Vagabonding Begins in 2017
In this instance, the little things that crawl on you. It was the presence of a small ant harmless picking its way through my leg hair that lifted a solid, good-to-know fact out of the haze in my brain:
I am back in Bangkok.
Sure, ants do occasionally hitch unauthorized rides while I’m at home. But not in February, and not often in the big city. That ticklish twitch was enough to cut through the exhaustion of 26 hours of travel. It put a smile on my face after nearly 48 hours without sleep.
The last night at home was tough. There had been no rest the night before my 05:00 Uber to the airport.
Then, there was fear.
Fear, not because I would soon be alone, a world away from loved ones and Trader Joe’s. Fear because Delta refused me at check in.
This wasn’t the first time that Delta had skyrocketed my cortisol levels just two hours before a long-anticipated flight to Asia. Same as the first time, they weren’t happy with my lack of a Thai visa. Getting one isn’t easy in Kentucky. The nearest Thai consulate is in Chicago. And the last time I mailed my passport to the Thai consulate there, someone f*cking stole it.
So now I take my chances with each airline. Spin the no-visa-no-worries wheel. They all have different policies. Interestingly, the Asia-based airlines could care less. Delta slapped my hand. Everything hurts a little more at 0-dark-30 in the morning.
I patiently explained that Americans receive a visa exemption to Thailand for 30 days. I had proof of funds. Immigration officials like funds. I could exit Thailand overland; easy to do. Airlines don’t like to consider buses and trains as valid modes of international travel. Inconceivable.
Vagabonding concepts often aren’t compatible with big bureaucratic systems. This subculture just doesn’t compute. There’s a reason I leave the country each year immediately after doing my taxes: the IRS has probably organized a manhunt.
The Delta software flagged me as an unwelcome anomaly. One with long hair and wearing flip-flops in February — double whammy.
Or maybe some nervous tick gives me away. I’m always twitchy at check-ins now. They make me feel vulnerable. Exposed to database glitches, company policies, and the whim of underpaid Reality TV watchers in clip-on ties. I once survived the deadliest typhoon in history but barely survived an airline’s idiocy immediately afterward while trying to get home in 2013.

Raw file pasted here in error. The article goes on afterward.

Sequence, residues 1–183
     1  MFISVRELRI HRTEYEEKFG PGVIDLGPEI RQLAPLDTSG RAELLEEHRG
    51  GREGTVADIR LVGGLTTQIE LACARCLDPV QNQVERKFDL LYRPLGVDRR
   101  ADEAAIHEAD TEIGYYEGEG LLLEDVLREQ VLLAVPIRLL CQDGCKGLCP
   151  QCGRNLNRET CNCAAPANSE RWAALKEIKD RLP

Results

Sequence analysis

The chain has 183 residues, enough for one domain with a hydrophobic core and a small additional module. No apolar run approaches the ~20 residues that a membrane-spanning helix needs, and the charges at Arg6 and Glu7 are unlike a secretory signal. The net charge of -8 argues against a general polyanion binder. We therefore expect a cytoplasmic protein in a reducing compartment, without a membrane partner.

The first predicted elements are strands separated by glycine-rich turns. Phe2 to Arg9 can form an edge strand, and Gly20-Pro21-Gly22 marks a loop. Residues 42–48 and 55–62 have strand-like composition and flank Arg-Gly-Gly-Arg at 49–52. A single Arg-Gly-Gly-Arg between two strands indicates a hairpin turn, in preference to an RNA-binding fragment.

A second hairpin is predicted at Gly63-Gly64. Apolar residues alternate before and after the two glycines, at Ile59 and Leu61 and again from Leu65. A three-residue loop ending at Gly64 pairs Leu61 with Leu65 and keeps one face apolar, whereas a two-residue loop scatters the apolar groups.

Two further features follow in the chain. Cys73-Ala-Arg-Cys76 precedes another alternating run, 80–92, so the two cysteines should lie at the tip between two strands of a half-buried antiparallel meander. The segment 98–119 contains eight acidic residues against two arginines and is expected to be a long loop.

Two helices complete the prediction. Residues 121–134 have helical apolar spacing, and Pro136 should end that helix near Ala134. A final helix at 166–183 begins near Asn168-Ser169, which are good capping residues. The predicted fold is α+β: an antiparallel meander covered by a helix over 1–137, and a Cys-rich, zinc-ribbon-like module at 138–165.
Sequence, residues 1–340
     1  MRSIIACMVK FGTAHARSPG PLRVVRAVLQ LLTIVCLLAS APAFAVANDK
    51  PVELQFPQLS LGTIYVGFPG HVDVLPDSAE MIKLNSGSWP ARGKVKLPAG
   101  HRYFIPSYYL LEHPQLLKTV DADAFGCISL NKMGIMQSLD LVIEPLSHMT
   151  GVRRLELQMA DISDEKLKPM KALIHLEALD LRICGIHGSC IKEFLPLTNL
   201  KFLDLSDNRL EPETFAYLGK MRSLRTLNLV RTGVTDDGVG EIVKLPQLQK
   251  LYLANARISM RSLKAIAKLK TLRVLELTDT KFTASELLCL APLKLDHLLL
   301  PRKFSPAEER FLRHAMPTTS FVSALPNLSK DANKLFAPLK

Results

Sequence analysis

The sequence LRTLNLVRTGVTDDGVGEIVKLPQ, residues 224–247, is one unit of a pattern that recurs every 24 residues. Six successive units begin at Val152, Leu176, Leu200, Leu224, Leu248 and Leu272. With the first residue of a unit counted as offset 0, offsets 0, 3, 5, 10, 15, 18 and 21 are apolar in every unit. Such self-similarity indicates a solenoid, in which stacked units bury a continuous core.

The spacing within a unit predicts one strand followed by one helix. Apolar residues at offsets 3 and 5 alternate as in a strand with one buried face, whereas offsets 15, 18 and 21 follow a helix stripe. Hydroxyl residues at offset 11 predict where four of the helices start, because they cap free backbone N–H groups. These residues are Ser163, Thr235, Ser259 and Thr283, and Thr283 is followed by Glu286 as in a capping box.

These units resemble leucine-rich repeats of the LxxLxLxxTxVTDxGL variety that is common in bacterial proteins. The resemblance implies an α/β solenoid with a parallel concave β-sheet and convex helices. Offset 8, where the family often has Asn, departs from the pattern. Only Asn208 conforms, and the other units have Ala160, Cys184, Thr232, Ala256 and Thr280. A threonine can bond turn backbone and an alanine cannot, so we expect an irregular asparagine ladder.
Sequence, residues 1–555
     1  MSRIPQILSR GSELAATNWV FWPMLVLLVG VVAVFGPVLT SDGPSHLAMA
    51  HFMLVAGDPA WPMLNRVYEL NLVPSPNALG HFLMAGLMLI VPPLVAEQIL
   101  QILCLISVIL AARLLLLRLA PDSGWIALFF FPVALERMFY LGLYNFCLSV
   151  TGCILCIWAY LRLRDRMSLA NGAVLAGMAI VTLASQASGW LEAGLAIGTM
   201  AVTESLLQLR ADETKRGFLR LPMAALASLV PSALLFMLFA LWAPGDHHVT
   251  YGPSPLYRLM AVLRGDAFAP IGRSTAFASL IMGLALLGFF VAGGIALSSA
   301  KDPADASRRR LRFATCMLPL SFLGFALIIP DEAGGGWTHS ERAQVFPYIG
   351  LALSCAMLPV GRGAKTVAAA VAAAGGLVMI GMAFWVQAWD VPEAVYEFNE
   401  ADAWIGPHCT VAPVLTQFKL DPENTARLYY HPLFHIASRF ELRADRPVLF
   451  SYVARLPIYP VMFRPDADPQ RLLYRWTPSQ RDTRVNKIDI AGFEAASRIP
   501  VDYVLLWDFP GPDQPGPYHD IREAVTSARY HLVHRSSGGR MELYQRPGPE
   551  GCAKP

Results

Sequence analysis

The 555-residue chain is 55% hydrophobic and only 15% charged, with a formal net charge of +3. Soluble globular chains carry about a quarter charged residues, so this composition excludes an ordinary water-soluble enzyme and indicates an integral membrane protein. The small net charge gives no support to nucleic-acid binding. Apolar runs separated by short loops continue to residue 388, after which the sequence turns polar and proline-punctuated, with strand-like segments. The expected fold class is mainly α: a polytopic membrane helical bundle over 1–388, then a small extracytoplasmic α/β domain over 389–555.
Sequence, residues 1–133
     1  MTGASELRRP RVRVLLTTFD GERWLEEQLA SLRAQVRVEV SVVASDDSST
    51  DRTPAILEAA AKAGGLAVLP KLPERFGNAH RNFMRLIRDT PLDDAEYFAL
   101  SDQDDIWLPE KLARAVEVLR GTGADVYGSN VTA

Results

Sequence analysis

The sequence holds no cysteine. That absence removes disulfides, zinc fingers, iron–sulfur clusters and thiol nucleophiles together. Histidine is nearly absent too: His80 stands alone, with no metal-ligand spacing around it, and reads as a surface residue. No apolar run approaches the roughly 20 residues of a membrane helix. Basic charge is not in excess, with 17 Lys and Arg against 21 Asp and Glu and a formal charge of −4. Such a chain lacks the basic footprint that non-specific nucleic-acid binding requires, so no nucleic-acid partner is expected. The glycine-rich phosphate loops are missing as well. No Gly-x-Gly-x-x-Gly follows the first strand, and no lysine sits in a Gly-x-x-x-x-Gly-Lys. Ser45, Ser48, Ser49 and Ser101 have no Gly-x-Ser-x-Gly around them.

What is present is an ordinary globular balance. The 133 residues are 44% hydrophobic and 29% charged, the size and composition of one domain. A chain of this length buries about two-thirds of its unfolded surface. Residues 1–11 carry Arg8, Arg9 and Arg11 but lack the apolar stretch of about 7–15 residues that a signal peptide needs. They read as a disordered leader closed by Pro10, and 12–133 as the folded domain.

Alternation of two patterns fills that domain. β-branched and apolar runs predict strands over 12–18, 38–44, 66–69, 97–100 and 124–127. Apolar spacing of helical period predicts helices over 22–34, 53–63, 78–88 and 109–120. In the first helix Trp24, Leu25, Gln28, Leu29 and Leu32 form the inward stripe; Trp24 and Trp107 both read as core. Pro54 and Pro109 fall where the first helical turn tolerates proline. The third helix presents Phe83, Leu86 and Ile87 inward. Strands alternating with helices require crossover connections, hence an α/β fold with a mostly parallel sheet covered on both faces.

Wearing that silk dress in Saudi Arabia still fuels my nightmares.
By complete miracle, enough phone calls were made to connect someone in possession of both rank and sound mind — a rarity in big corporations. Even tougher in the dim, pre-coffee hours of the morning. She passed the word that I would be allowed to board the plane this time.
Sure, I brought this extra stress on myself. But driving to Chicago to get a Thai visa was out of the question. An unfortunate inconvenience. Lexington has great Thai food for a city its size, why not establish a Thai embassy nearby?
Strangely enough, two of Thailand’s prime ministers (brother and sister) actually went to two different small universities in Kentucky. Go figure. With all the hobsnob, elite schools in the U.S. to choose from, the well-to-do siblings didn’t even choose one of the two primary universities in Kentucky. I guess basketball wasn’t a concern.
Brother and sister were later removed from office in a rather not-so-optional way. My state is famous for bourbon and racehorses, not producing Asian prime ministers. It isn’t really even known for exemplary education. Just look at the twisted perversions I call sentences.
After Atlanta, life got way better. My 787 Dreamliner flights were works of art. Everything was orchestrated beautifully. I enjoyed the perfect long-haul flight to Seoul, down to me getting a row all to myself for 16 hours. At one point in the flight, I even caught a glimpse of Siberia as we flew over.
Although EVA Air won me over last year with food, movies, and Hello Kitty, Korean Air is still near the top of the list. If you’re savvy enough to avoid the Western chicken-or-beef regurgitations served in foil, the Korean food options are outstanding.
Just minutes after dawn, tropical birds composed the morning’s soundtrack. Day 1 of vagabonding 2017. Tuk-tuks and scooters sputtered distantly. Future lovers, still clinging to the remnants of Saturday night, wandered home arm in arm. Monks filed by, silver alms bowls in hand. The youngest one, robes still bright orange with inexperience, was barefooted.
Oil was already boiling in front of an apron-clad woman. Her utensils produced metallic scraping sounds on a wok. A mangy dog was chewing on a menstrual pad it had pulled from the trash.
I am back in familiar territory. Things are just the right amount of crazy here.
Goodbyes. Moving boxes. Packing. The smell of jet fuel. Pain.